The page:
KM is about working smarter. KM strategies are a way for law firms to become more competitive. Firms need to make their young associates as smart as they can be, as fast as they can be. Teaching them the tools to get to the actionable items should be the focus. KM helps improve client/customer service - e.g. library staff share what they have done and learn with others, especially if they are in a global environment - you need to capture the links, documents and PDFs that were found during research.
KM Projects that require librarian competencies:
- Intranet/portal content development
- Creation of expertise databases
- Database development & maintainance
- Taxonomy, development of controlled vocabulary
- Project management
- Statistical analysis
- Search engine optimization
If your library is not into KM, how do you get there? You will not be invited - you need to get yourself involved. Prepare your "brag bag". Lawyers are not necessarily struggling with the research databases; they are struggling with the other tools they have access to. We have expertise and can help them; we should approach IT.
Best bets and ideas:
- help review what people are searching for on the intranet, work to offer up "best results" - IT does not like to do this
- thesaurus development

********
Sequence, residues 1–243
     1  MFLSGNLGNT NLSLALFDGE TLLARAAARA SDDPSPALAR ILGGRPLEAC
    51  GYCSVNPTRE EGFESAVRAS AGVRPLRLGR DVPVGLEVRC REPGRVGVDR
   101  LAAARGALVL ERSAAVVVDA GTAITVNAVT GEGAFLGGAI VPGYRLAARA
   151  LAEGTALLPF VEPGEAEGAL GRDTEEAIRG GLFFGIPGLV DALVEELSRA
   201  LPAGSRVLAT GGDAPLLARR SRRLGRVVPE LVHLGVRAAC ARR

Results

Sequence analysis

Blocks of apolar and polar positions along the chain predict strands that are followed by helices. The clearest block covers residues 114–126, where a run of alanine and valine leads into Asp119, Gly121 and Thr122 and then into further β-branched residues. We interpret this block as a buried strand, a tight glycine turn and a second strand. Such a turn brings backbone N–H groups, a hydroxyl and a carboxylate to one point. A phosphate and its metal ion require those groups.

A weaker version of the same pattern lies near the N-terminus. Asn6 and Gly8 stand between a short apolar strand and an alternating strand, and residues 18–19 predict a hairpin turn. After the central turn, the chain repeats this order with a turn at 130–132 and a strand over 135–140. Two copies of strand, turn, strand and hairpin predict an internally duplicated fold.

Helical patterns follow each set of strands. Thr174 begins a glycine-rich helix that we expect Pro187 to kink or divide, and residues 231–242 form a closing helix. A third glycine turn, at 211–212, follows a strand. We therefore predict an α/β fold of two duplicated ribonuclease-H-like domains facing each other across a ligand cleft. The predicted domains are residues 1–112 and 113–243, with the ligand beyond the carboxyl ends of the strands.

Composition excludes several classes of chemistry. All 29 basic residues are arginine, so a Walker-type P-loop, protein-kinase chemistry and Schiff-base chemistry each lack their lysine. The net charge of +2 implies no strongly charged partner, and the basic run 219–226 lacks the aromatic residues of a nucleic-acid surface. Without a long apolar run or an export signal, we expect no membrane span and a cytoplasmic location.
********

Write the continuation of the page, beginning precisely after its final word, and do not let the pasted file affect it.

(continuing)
- SharePoint 2010 - metadata term scores - help building taxonomies and synonyms to help surface content
- connect lawyers to key KM resources
- index the lawyers' content e.g. by practice group
- managing projects on wikis (Bozzell found calling it a "resource page" helped them adopt it faster)
- dashboard development - pulling together content from external providers e.g. by industry or client - it is too difficult to expect lawyers to have 90 different vendors and 90 different passwords; need to pull the content all together for them.
Stop using library terms; use terms people are already use e.g. Internet-related terms.
- draws from the ediscovery field - too much information for humans to digest
- search becoming less effective
Kiiac - created by Kingsley Martin (who developed West KM previously) - takes a group of similar documents, breaks them down into their components and compares them; the human can then choose what is correct or not; can then compare the "standard" against the other documents to show which are standard and which are not. Important for librarians to work in this area - makes you part of the strategic part of the firm.
Steven Lastres: Don't wait to be told what to do - go to the management partners and tell them what you want to do and why you want to do it. Learn to do a business case analysis and present it. We are the ones who work with the lawyers and the ones who know how to do this kind of work. Stop doing the work that is not lawyer-facing. No partner cares if you have a pristine catalog record.
Audience comment: Get out and talk to the lawyers in your firm, find out what they need.
Lastres: with firm cuts there are fewer people to do this kind of work; it is a great opportunity for law firm librarians to step out of our comfort zone and do this kind of work. Bring it back to the client: what's the value to the client, what's the value to the lawyer?
Audience comment: Lawyers don't want to share outside of their practice groups. A: Needs to come from management, needs to be a factor in their compensation model.
Note the PLL KM sub-group will be doing monthly chats on related topics; they are looking for members. Join them on LinkedIn - PLL/SIS Knowledge Management Group.